Set in a provincial town in the great rural expanses of western France, there’s a debilitating claustrophobia to Mathieu Amalric’s The Blue Room, a tightly coiled retelling of the 1964 Georges Simenon novel. Surrounded by verdant fields and miles of open road, with seclusion comes isolation, and lashings of heavy rain. It is seduction that sees the actor-director’s character, Julien, become inextricably entwined in an ill-fated and ever more sinister spiral of lust and adulterous behaviour with mistress, Esther (Stéphanie Cléau, a co-writer with Amalric).
Accusations fly but the why, the how and even the what of an ominous narrative thread is revealed with painstaking, tantalising restraint. An ever-shifting temporal landscape, a bombardment of questioning from various interlocuters and a leading man slippery as an eel, devoid of any genuine emotion – Amalric’s piercingly dark stare at its finest here – mean this icy thriller plays out with chilling unpredictability. It is a sordid game of snakes and ladders with an overbearing air of oppressive paranoia that recalls, to some extent, Polanski at his best. The great majority of The Blue Room occurs in interior spaces at very close – frequently intimate quarters, and just as this psychological study of obsession is internalised and will worm its way into the consciousness of a viewer, Amalric has chosen a squared aspect ratio to further enclose, but also focus, our field of vision.
At just 76 minutes time is of the essence and each and every moment is put to economical use, no shot superfluous or without targeted meaning. We first meet Julien and Esther in the bedroom of the film’s title. The walls may be a cool azure but intimate close-ups, accompanied by carnal sound, dominate passionate opening frames. From the outset there’s a disconcerting edge to pleasures of the flesh as Esther bites her lover’s lip, causing a drop of blood to drop onto pristine white sheets. As if in response to this violent foreboding a jarring cut away to a police station sees Julien, bearded and weary, answering questions fired at him by police out for blood of their own. Further interviews – in front of a judge, a prison psychiatrist and his own lawyer – slowly feed information behind Julien’s dirty deeds and inaccuracies between his testimony and narrated recollections cause us to question his integrity.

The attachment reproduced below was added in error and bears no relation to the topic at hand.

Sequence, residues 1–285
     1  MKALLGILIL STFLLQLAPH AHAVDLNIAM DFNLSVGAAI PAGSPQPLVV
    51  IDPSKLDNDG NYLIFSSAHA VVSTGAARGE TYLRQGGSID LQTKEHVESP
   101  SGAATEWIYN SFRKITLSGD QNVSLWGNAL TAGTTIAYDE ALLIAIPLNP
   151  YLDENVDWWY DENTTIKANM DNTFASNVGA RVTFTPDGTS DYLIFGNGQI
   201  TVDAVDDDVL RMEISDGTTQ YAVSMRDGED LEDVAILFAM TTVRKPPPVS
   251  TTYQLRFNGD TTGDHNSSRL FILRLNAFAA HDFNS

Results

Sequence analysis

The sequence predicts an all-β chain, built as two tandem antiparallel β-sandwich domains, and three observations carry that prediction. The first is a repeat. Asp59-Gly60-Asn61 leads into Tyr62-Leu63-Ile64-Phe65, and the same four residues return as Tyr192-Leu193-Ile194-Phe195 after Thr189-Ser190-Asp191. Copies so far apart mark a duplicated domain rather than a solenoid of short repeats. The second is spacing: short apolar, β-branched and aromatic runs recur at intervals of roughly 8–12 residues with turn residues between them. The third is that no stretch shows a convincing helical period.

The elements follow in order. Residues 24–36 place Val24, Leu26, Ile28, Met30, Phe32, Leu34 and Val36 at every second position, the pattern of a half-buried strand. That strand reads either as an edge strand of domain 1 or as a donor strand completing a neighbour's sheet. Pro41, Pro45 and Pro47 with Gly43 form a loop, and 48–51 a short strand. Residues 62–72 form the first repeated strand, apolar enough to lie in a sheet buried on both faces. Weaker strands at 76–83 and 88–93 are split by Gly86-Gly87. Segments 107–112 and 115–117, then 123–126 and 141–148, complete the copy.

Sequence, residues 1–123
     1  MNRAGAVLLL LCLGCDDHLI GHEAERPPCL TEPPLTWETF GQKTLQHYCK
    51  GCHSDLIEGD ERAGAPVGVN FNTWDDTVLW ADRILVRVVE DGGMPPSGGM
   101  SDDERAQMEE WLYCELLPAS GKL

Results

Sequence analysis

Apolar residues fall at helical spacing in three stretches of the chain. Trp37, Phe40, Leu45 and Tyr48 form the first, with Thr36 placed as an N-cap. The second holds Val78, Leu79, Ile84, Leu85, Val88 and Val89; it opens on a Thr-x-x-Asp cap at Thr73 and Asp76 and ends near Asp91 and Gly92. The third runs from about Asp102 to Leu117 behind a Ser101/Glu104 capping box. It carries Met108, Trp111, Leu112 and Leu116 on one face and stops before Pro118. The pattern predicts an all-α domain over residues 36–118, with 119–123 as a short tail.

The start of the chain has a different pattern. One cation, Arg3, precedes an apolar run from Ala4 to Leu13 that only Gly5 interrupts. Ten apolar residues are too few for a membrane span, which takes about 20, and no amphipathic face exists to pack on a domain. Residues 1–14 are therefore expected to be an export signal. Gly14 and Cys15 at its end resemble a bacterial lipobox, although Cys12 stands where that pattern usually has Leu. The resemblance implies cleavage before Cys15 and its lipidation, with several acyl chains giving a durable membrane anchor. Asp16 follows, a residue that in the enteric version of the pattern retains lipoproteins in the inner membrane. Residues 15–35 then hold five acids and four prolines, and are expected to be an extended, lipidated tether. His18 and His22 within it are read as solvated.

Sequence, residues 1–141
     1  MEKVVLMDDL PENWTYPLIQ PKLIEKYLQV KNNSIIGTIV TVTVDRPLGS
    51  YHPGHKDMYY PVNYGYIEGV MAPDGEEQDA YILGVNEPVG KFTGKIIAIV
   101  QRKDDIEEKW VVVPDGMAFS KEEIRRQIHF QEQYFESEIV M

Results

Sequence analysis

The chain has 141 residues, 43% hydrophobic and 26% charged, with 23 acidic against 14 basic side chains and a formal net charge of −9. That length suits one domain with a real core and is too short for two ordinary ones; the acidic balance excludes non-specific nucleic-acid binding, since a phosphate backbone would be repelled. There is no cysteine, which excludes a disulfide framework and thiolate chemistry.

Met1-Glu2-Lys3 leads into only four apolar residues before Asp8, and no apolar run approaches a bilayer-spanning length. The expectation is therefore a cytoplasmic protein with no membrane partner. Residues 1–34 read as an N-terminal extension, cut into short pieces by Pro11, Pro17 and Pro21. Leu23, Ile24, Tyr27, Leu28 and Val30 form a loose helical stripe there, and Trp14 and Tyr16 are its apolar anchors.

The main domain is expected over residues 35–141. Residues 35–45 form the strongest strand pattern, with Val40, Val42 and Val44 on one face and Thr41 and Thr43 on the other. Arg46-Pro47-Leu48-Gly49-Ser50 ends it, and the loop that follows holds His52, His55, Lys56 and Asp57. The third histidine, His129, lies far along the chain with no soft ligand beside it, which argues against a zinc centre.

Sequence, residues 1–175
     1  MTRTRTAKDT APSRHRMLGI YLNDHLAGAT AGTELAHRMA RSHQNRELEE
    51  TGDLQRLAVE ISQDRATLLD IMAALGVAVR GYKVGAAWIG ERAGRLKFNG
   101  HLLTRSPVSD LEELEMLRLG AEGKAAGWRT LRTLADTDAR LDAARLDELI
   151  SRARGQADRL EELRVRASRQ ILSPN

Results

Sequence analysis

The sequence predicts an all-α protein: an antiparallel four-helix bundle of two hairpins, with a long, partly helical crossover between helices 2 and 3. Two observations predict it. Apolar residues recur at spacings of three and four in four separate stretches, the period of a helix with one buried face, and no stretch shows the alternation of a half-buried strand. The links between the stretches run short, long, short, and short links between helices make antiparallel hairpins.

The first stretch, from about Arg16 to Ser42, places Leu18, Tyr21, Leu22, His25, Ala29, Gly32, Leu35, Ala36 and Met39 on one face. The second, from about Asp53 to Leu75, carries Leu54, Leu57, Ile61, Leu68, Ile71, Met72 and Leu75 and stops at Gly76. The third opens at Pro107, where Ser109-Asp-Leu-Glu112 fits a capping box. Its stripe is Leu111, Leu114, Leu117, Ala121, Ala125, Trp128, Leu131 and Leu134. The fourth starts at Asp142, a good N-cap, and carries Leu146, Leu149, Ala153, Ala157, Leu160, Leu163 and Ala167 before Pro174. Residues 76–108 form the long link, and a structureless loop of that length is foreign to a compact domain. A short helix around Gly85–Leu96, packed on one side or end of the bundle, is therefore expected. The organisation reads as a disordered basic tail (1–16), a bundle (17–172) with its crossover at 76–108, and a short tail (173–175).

Scored by Grégoire Hetzel, smacks of strings and imperceptibly haunting wind instruments further envelop this whodunnit in a constrictive aural blanket. The finger of blame spins like a compass as a public trials brings The Blue Room to its conclusion with questions finally answered, or are they? A headline glimpsed in the local rag reports of the depraved actions of ‘les amants frénétiques’ which has so shocked pitchfork-wielding busybodies but there’s nothing frenetic in Amalric’s handling of material for which he has a clear reverence. His assured performance – in front and behind the camera – is as commendable as his character’s supposed actions onscreen are not.
Matthew Anderson | @behind_theseens